I think everyone’s life can be summed up by a few sentences.
This may seem limiting. A label. Not to me. It’s like saying that every life is a poem. The words aren’t always a prison, but instead are a beacon, a lighthouse, a cry that lets others know what the rallying call is. It’s like an archetype that brings in the numinous. It’s both a lesson and an energy source to the deepest soul. It’s like the recognizable “hook” in a song or a symphony. Beethoven’s Fifth has thousands upon thousands of notes and progressions, but we all know it by just four notes. Those four notes conjure up an entire world of emotions and ideas when we hear them, even out of context. To me, a life’s phrase can be like that.
One of my inner rallying calls is, “Power is achieved by surrender.”
At first this sounds trite. It’s a common spiritual aphorism. It’s simple and may even be simplistic. But that’s also what archetypes are — through the simple we can access the numinous. It is easy to take words as limiting rather than accessing the preternormal. I first heard this concept that power is achieved by the deepest surrender before I was ten years old. I heard it without thinking about it at all. I saw more of the energy behind it when I watched the movie Gandhi in my teens. Something ineffable touched me in the moment when I saw how powerful that man was. He invited others to show the violence in themselves upon his own body, surrendering to their physical power but in the process bringing forth something exponentially more.
Gandhi had shown me a different side of Power, but at this time it was limited to an intellectual concept. It lacked any sense of the sacred, that access to thaumaturgic change that touching something transcendent can bring. This took time to access for me, through my childhood into my adult life.
In my childhood I was surrounded by family members who seemed overly powerful — at least to a child. My mother was a very aggressive person who didn’t respect boundaries at all, and even took them to mean a personal attack. “I’m your mother!” she would yell, as if that meant she had rights over every aspect of me. Every aspect of me: my body, my space, my mind, and my emotions. I was her life.
Acting powerful in an outward sense did not help. Screams or a stubborn “NO!” made it worse, even to the point of threats of being kicked out to the streets at a young age. So I became a bit of a martyr; I gave in before conflict could arise. I split myself; a part of me would be the mother-pleaser, The Explainer, who would present me to the outside world in a logical, sensible fashion with no rough edges. The appeaser. The rest of me could be screaming, hurt, or could be feeling any other emotion including joyful ones. I was still there, but unconscious. I was filled with a kaleidoscope of exploding emotions, but through The Explainer’s voice those emotions came out as reasonable and confident, and explained things so they wouldn’t trigger much in the people around me. There were times when the glass walls around The Explainer wouldn’t hold, but largely they did. I survived.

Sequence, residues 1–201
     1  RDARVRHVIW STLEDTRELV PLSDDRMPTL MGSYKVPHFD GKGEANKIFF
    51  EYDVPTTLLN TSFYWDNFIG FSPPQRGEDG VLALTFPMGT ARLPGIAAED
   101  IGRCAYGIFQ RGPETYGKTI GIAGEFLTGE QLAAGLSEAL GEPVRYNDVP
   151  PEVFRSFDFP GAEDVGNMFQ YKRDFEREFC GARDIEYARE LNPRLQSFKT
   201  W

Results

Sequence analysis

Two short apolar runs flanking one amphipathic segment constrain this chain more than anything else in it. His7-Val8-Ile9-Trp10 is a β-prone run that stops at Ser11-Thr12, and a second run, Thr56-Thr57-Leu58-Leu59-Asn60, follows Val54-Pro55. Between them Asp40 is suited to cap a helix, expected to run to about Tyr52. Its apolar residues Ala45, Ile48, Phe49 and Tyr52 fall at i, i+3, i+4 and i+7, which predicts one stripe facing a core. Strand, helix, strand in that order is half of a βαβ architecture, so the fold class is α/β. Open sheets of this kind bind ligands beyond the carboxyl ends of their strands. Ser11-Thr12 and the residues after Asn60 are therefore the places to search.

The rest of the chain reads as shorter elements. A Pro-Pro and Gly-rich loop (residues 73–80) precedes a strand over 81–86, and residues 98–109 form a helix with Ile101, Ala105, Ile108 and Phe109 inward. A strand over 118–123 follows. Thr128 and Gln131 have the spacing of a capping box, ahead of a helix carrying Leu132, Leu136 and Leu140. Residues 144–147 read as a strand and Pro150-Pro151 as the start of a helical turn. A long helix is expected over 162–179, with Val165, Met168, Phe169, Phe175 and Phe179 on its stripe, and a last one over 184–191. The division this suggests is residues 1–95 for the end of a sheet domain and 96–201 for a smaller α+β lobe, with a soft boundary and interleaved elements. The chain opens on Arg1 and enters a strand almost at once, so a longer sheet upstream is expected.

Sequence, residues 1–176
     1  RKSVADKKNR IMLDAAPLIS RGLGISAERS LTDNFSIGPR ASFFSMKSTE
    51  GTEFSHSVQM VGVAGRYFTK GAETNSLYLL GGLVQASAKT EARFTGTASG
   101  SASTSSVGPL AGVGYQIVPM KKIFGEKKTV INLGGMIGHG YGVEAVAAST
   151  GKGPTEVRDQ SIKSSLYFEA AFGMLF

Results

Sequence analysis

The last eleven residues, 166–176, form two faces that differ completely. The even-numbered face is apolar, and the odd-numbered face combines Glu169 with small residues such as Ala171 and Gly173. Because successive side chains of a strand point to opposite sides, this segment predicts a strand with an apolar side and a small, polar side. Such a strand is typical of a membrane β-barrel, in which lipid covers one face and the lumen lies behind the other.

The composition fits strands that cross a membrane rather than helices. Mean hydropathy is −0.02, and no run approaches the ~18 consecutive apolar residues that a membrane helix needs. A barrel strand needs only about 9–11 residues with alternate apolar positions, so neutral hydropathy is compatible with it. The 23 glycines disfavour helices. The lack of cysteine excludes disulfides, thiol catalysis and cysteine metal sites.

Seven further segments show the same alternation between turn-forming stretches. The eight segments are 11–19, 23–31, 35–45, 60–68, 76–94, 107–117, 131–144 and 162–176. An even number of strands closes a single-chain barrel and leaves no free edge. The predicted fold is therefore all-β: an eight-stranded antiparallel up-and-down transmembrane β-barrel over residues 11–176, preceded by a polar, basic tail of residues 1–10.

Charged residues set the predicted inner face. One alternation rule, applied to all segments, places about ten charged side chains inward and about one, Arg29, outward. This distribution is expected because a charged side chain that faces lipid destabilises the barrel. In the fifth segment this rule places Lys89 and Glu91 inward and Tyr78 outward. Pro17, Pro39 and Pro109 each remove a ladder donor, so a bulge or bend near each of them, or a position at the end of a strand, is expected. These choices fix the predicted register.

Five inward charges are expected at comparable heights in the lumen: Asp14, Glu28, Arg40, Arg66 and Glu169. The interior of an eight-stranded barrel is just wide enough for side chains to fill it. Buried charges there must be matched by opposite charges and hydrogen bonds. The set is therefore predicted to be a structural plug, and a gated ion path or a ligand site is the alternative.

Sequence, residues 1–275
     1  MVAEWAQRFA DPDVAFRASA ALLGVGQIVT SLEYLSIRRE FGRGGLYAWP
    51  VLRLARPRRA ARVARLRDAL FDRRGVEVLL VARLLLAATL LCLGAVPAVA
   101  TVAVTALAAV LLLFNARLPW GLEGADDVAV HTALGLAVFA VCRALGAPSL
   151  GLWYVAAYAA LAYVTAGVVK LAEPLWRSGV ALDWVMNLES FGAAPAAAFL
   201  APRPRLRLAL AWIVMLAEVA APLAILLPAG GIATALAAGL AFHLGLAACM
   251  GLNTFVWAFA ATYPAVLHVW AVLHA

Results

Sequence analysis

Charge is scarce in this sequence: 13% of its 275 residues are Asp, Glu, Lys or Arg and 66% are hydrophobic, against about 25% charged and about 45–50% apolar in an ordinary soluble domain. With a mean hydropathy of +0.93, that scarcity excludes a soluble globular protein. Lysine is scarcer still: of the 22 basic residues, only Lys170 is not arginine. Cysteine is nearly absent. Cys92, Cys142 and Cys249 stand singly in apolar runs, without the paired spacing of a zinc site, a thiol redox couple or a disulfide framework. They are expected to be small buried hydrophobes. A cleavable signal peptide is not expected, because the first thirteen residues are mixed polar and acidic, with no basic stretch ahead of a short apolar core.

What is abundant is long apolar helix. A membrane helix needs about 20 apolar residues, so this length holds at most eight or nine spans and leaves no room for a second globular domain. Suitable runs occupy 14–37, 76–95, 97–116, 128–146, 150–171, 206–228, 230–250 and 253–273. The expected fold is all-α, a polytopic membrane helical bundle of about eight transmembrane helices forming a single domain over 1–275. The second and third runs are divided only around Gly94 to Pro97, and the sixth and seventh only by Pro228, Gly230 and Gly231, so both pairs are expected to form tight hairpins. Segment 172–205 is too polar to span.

This was the beginning of my focus on Power. This was an intensely disempowering state. I walled away much of myself — and thus my power — in order to be safe.
After I left home, the sense of imbalance related to Power was palpable almost all the time, like a steady drop of acid within my stomach. I accumulated skills through universities and I learned more about social interactions and transactions of status. I studied the times when I felt powerful and when others felt more powerful than I. I wasn’t interested in being upwardly mobile or accumulating money — I simply wanted to experience what it felt like to feel powerful, irrespective of what others did and irrespective of what importance they accorded me. This was what made me notice the difference in a few spiritual teachers, such as Krishnamurthi and Ramana Maharishi, whose ashram I stayed in for a while in India.
Do I contradict myself? Very well, then I contradict myself, I am large, I contain multitudes.
– Walt Whitman
One of the barriers I felt was simply in how little I connected to myself. I explored my splits, the cuts I made in myself. These were the subpersonalities in me, or even sometimes what Jung would call a complex. These are far, far more common than we think. Who is truly whole within themselves, in all their selves? For me, The Explainer excelled in mathematics and computing, the dry emotionless presence that could be as close to a computer as a humans can be. I grew up in an autistic household — it seemed natural to me. Other parts of me also wanted to feel powerful, so my inner protector emerged that could ward off others by planting bombs that scared them away.
But other parts of me also wanted to come out and play. I studied acting to give expression to many other emotions and the selves connected to them. I studied monologues that helped bring these aspects out. The abandoned child raging for a connection. The schizophrenic looking for something solid to hold onto. A man stepping off his heavy-trodden life and starting anew, boarding the nearest ship that would hire him.